People came out to honour the memories of those who gave the ultimate sacrifice in the name of freedom across the Kivalliq this past week.
More than 400 students, teachers and members of the community packed into the gymnasium at Tuugaalik High School for Naujaat’s Remembrance Day ceremony on Nov. 10.
Naujaat traditionally holds its Remembrance Day ceremony on a school day to maximize student attendance and participation.
3055 RCACC commanding officer Capt. Lloyd Francis said it was standing-room only for the Naujaat ceremony.
He said the children were incredibly behaved during the service.
“You could have heard a pin drop in there during the majority of the ceremony,” said Francis.
“It’s a big day for our cadet corps and, this year, we had 33 cadets on parade for the ceremony.
“We included the lighting of the qulliq in this year’s ceremony, having one of our corps elders, Alice Nanorak, do the honours.”
Francis said the Naujaat cadets on parade at the ceremony placed their poppies either on the table where the qulliq was, or on one of the wreaths during the ceremony on their way out.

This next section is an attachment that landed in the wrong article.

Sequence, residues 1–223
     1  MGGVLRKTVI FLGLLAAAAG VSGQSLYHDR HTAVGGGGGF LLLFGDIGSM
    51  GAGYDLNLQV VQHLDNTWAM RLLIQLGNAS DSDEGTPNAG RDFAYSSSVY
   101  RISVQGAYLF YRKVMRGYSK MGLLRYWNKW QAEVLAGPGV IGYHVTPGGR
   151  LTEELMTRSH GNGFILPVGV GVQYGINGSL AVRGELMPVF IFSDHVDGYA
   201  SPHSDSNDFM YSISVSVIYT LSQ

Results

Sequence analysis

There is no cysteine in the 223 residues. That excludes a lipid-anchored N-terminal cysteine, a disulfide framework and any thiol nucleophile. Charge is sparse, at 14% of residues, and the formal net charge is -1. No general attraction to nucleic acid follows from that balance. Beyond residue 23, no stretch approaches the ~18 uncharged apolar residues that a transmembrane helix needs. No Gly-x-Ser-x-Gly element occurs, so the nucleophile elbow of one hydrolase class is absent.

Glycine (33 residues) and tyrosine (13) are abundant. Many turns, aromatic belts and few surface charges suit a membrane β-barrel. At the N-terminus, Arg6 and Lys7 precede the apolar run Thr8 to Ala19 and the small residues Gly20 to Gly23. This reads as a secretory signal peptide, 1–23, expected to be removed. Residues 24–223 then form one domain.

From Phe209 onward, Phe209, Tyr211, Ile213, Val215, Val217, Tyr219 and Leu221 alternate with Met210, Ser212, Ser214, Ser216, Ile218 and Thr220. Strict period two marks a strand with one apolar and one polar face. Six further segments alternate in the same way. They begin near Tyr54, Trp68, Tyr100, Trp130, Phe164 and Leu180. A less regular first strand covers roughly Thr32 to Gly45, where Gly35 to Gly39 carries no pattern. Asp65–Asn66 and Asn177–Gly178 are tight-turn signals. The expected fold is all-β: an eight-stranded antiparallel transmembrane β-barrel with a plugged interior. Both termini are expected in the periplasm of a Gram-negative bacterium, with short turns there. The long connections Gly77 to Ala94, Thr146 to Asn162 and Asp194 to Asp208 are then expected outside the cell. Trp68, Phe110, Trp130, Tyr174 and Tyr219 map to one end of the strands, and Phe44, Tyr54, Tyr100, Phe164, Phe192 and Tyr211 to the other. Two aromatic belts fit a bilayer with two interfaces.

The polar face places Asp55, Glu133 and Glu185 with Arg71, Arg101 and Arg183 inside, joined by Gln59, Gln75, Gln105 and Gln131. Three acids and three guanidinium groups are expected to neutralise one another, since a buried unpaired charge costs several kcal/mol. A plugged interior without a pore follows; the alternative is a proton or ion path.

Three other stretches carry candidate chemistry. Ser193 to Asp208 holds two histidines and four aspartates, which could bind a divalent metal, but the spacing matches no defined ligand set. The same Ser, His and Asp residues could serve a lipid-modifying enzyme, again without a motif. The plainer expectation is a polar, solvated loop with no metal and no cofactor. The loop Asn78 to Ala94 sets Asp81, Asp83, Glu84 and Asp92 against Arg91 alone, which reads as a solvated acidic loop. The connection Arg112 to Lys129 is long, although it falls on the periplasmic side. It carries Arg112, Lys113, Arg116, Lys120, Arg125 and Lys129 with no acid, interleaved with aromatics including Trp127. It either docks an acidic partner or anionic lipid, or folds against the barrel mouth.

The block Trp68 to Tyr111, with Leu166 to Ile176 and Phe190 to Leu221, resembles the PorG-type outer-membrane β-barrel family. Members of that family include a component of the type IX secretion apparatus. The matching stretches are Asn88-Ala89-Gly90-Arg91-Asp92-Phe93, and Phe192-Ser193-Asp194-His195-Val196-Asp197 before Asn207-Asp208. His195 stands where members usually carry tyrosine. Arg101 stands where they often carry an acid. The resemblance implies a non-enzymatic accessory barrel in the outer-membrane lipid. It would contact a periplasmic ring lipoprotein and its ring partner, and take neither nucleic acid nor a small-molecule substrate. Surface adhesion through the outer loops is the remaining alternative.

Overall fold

He said the gesture was a lot like the one that happens at Canada’s National Monument every year.
“We had about 50 or 60 members of the community join us for the ceremony this year, which was nice to see,” he said.
“We had an officer place a wreath on behalf of the RCMP and another was placed on behalf of the Canadian Rangers here in Naujaat.
“We’re hoping to have our local Rangers take part in the parade with the cadets in 2018.”
Darrin Nichol has been part of the Legion executive in Rankin Inlet for 20 years.
Nichol said the Remembrance Day ceremony is very important to the community. He said there are strong connections to the Kivalliq region from past military interventions.
“It’s an important ongoing remembrance of the personnel who have served and who continue to serve today, including our rangers,” said Nichol.
“The involvement in the ceremony by our local cadet corps is critical in Rankin.
“Commanding officer Dorothy Tootoo and the Rankin cadet corps are an impressive lot, and they do justice to filling-in for the military component during any Remembrance Day ceremony – they always do a great job.”
Attendance tends to fluctuate for the Rankin ceremony, with the past two being, anecdotally, the most well-attended.
Nichol said a number of factors play into how many people attend the service but, traditionally, the Rankin ceremony attracts a large crowd to Maani Ulujuk Ilinniarvik.
“One would expect a large crowd for the ceremony during the 150th anniversary for Canada, which is an important period for the country,” he said.
“But large numbers of folks in Rankin almost always come out to pay their respects to the fallen and those who are serving on Remembrance Day.”